• Referrals. Your EHR should create an informed referral for providers, by tiering specialists and facilities by high/low quality. And ideally, by presenting more details, such as in-network status, patient cost-share, and payer quality ranking, right within the order workflow.
  • Clinical Programs. Your EHR should make it easy to identify patients at risk and refer them into relevant programs or additional services, such as chronic care management (CCM), behavioral health, or other clinical programs to support the patient.
  • Utilization. Your EHR should include information on when the patient has accessed services outside of your group, such as when they’ve gone to the emergency room or been discharged from a hospital.

Leveraging an EHR’s tools at the point-of-care makes it easier for provider groups to deliver consistent value to their patients, every single day. When the data or actions are living outside the EHR (such as sitting somewhere in a payer portal), it’s far more difficult to create consistent value, year-over-year.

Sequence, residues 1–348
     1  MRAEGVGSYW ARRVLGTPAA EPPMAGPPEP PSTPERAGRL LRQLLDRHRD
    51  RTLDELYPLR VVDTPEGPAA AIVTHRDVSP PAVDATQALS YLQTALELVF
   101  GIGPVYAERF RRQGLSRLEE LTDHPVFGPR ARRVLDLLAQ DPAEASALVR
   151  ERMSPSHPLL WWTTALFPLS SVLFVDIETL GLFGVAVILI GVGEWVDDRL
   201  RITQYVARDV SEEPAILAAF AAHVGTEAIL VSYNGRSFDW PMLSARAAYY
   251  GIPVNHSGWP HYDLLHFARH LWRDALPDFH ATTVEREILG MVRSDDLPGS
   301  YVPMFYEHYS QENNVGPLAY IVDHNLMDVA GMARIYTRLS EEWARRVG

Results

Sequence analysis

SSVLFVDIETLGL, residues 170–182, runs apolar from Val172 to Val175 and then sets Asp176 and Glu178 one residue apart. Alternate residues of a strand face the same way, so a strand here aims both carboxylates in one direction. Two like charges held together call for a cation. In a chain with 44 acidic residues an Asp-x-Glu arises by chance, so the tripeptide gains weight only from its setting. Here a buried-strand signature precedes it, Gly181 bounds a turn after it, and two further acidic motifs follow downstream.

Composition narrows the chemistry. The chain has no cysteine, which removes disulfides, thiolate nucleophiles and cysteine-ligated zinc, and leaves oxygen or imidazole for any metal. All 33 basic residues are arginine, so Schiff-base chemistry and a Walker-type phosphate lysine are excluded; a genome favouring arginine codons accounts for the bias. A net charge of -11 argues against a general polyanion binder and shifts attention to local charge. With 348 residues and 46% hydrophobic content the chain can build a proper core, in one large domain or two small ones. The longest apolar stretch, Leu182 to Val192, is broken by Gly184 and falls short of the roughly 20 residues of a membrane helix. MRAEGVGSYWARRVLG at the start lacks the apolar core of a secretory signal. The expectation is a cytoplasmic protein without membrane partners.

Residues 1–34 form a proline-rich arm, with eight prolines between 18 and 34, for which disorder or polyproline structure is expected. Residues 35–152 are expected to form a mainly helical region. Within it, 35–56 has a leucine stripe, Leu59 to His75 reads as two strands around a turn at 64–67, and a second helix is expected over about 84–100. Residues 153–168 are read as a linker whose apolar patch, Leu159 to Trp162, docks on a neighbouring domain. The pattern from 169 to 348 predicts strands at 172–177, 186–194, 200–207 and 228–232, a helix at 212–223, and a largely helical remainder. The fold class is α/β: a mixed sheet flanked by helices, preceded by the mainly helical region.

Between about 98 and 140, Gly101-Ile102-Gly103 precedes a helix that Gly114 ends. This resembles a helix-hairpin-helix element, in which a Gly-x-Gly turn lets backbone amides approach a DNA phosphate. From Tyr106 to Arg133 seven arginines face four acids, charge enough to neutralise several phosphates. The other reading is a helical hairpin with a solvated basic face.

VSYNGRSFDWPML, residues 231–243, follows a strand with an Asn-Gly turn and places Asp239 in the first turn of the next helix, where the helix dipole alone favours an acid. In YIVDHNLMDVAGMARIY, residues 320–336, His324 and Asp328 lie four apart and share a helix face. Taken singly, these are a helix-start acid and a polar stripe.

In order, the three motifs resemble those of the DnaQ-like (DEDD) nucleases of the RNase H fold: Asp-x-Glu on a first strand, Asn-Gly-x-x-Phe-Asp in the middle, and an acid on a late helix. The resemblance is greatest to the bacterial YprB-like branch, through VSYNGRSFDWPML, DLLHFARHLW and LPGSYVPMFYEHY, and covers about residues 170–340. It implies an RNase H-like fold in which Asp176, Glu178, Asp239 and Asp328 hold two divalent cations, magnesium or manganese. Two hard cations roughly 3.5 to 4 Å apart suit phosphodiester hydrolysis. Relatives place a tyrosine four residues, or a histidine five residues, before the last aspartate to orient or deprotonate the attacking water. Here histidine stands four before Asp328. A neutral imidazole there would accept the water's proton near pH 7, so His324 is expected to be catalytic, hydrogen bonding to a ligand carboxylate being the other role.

Implement Tools to Optimize Operations and Care Delivery

Consistent success in value-based care models requires a shift in attention and reprioritizing of daily duties. There are several tools that can help create space and increase bandwidth so that providers can dedicate more time and attention to value-based initiatives.

  • Virtual Access and Telehealth. Creating access for patients, in every way possible, is a fundamental strategy in any value-based care arrangement. Creating more access through virtual avenues, such as telehealth, can make it easier for patients to see their doctor for immediate care. This avoids unnecessary visits to more expensive sites of care. Telehealth can also increase patient satisfaction, which is crucial for retention and often a key metric of value-based contracts. Furthermore, the convenience of telehealth can encourage additional touchpoints for care teams to manage chronic conditions and fulfill value-based metrics.
  • Virtual Scribe. Using a virtual scribe service can ease documentation burden and give physicians more time and capacity. Physicians can use this time to see more patients, offsetting the costs of the virtual scribe service. In a value-based model, seeing more patients can grow attribution. Additionally, providers can repurpose this time to identify and meet performance metrics that increase quality-based reimbursements.
  • Patient Portal. A robust patient portal that allows patients to message their care team and receive important reminders, keeping patients connected to their providers. An intelligent patient portal can also send notifications to get patient-reported information that can close care gaps, thereby increasing value-based reimbursements.